A few years ago, I attended a presentation at Wild Goose that Kimberly Knight was giving about her experience as a lesbian and a Christian. She and I had shared a beer earlier in the weekend, and discussed some of our feelings about various responses to the LGBTQ community. She had voiced her frustration with the Side B view, which states that LGBTQ people don’t choose their orientation or gender identity, but that behavior that goes against what is “normal” (cis gender, heterosexual relationships) is still sinful.
While I no longer held that position, it was one that I had believed for much of my adult life, and I was still close enough to that time to remember how hard it was to make the switch to becoming fully affirming. I could understand Kimberly’s anger – anything that calls a group of people sinful for wanting a loving, romantic relationship or for wanting to live in a way that brings congruency between their mind and their body is clearly damaging. However, I wanted to allow space for growth. I wanted to allow time for people to make the change that I and others like me had made.
Following her presentation during the Q&A, a father tearfully shared about his daughter coming out, and how he had no patience for anyone who would be less than 100% supportive of her. I could hear the pain in his voice as he wanted to protect his daughter, but again I thought that we needed to have space for those who weren’t quite ready to abandon that long-held prejudice. I responded that maybe he didn’t have to be the one to have those conversations, but that they were worth having. That we could create margin for those who weren’t where we were.
Certainly it was progress to see a difference between orientation and behavior, right? Certainly we could find grace for those who were trying to make a way for acceptance of the LGBTQ community, even if it wasn’t full acceptance?
The past couple of weeks have been a bit exhausting as the conversation about transgender people has amped up in light of numerous states passing laws prohibiting trans men and women from using the bathrooms of their gender, rather than their assigned gender at birth. There have been vile comments calling transgender people freaks, sick, perverted, sexual deviants. There was a woman suggesting that she needed a gun to protect herself from transgender people at Target. There has been outright hatred toward trans men and women. Statements that make me genuinely worry for the safety of my own trans child.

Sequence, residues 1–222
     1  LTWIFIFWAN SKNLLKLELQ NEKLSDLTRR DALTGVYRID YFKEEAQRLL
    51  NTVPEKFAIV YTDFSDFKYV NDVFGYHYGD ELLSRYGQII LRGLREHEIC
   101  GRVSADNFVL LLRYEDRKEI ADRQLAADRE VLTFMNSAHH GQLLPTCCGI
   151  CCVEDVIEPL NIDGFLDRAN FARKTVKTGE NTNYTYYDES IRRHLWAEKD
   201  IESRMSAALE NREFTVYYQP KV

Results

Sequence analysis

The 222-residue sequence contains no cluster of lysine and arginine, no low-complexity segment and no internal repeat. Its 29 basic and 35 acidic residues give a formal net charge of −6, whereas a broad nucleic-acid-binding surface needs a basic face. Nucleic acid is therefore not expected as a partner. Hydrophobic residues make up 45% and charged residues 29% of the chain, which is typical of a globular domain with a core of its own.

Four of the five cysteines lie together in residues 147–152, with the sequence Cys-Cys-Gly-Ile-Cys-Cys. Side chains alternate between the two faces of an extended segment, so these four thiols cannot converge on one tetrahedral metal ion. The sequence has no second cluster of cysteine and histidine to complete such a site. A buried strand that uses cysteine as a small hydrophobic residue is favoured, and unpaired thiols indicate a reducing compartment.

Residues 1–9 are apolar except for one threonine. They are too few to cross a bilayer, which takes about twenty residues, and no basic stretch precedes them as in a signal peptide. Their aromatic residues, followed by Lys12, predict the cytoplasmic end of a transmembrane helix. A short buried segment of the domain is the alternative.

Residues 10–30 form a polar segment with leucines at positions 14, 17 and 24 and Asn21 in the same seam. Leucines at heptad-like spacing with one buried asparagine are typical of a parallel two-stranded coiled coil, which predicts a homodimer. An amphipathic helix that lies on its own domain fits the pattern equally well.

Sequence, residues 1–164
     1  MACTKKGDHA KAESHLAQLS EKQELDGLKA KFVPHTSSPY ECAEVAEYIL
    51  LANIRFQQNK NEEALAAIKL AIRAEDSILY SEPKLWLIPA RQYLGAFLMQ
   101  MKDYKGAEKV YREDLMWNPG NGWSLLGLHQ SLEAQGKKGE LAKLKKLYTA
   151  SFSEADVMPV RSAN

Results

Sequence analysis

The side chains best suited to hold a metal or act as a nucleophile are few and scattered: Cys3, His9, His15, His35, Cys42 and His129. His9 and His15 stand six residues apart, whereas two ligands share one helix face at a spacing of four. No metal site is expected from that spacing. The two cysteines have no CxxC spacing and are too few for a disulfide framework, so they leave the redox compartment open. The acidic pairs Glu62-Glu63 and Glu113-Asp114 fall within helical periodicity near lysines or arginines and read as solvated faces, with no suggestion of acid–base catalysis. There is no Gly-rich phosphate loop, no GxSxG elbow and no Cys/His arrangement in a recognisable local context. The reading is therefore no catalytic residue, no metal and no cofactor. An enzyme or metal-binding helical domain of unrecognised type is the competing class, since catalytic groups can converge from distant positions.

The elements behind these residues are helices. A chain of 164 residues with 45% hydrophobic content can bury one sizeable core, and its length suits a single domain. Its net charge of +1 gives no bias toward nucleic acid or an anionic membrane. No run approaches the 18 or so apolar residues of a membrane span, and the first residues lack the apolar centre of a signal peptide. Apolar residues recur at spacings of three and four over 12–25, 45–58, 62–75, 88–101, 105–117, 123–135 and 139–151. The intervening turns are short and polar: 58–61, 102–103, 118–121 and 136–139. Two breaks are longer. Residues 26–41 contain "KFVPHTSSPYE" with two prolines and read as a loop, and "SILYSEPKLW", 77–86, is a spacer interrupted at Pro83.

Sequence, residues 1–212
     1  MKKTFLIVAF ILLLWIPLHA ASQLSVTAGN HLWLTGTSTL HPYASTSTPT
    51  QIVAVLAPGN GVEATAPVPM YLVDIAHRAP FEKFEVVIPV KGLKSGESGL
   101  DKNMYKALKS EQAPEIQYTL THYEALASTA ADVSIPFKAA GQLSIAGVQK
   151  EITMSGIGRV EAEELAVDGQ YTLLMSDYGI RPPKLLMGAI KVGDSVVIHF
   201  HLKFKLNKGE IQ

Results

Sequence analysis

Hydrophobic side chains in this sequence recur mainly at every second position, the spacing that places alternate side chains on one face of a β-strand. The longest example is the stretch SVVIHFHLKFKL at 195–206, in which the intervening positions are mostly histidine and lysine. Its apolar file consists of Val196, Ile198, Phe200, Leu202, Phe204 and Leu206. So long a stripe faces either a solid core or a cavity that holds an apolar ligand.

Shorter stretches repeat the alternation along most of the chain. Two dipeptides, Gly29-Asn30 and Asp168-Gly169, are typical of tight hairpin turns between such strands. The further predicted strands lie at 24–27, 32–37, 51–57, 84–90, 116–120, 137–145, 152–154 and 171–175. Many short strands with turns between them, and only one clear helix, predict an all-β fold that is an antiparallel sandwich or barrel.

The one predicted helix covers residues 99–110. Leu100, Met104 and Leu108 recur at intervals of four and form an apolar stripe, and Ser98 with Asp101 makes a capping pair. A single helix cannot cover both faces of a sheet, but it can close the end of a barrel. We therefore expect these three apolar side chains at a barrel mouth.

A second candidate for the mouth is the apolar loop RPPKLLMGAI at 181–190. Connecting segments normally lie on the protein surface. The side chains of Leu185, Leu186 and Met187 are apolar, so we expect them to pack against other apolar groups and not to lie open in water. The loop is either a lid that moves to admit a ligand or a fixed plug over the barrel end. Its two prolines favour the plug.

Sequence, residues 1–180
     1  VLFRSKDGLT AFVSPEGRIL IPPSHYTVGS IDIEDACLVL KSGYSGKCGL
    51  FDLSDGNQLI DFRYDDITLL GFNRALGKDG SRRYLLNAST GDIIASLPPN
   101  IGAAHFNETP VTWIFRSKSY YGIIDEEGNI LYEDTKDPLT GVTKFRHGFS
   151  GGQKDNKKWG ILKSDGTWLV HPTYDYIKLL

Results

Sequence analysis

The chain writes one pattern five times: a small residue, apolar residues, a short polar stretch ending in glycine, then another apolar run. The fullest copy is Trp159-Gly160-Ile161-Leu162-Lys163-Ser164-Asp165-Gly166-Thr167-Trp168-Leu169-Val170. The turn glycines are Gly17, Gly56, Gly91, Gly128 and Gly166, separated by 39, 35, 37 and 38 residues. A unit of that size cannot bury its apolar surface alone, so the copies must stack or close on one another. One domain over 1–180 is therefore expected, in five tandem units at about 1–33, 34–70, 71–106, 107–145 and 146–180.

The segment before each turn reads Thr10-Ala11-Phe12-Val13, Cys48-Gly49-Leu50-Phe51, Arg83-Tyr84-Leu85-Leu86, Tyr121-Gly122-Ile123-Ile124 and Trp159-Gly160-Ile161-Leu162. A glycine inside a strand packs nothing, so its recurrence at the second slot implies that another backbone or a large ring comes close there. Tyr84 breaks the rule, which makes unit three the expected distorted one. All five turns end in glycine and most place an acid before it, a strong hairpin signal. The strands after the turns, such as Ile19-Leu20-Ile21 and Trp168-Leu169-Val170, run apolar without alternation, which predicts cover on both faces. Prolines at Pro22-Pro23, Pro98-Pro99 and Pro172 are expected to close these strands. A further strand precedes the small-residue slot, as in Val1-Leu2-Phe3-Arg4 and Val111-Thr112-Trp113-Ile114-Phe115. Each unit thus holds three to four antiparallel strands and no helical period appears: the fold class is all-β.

But those aren’t the only exhausting conversations. Because there are also lots of conversations that start with, “I don’t hate transgender people, but…” and then go on to list the reasons why these laws are making people more safe, despite the overwhelming evidence that they do not. Jen Hatmaker wrote a lovely Facebook post about her open arms toward LGBTQ people, but who still (from everything I can find – happy to be proven wrong on this) believes that it is sinful for gay people to marry. Another version of, “I don’t hate gays, but…”
I get it. I lived there for years. And even when I rejected that ideology, I still wanted to make a place for it in the discussion. I wanted to extend grace to those who are trying to love well.
However, if I look at it more closely, what I really wanted to do was to protect those who were like me.
Someone who wasn’t sure where they stand on gay rights or on the full acceptance of the journey of transgender people was a lot closer to me than LGBTQ people. Their comfort, their seat at the table, their voice – I was willing to protect those things at the expense of those who were being damaged by a love that holds at a distance. I wanted to make space for voices that would seek to drown out the voices of those who were saying, “My love is equal to and as necessary as yours.”
But it doesn’t feel like enough any more. I don’t want my son to have to settle for people who don’t actively hate him. I don’t want him to feel like he has to listen to people tell him that they love him, while restricting who he is allowed to love. I don’t want him to feel like he is less-than, even if it’s couched in pretty words that sound accepting. I don’t want him to be fenced in, even if it’s a nice fence.
I wish I could go back and hug that dad. I wish I could tell him that our kids deserve to be fully loved and accepted, and I wish I had listened to him better. I wish I could apologize to him for acting like his concerns for his daughter weren’t as important as they clearly were.
I wish I could help him tear down more of these nice fences.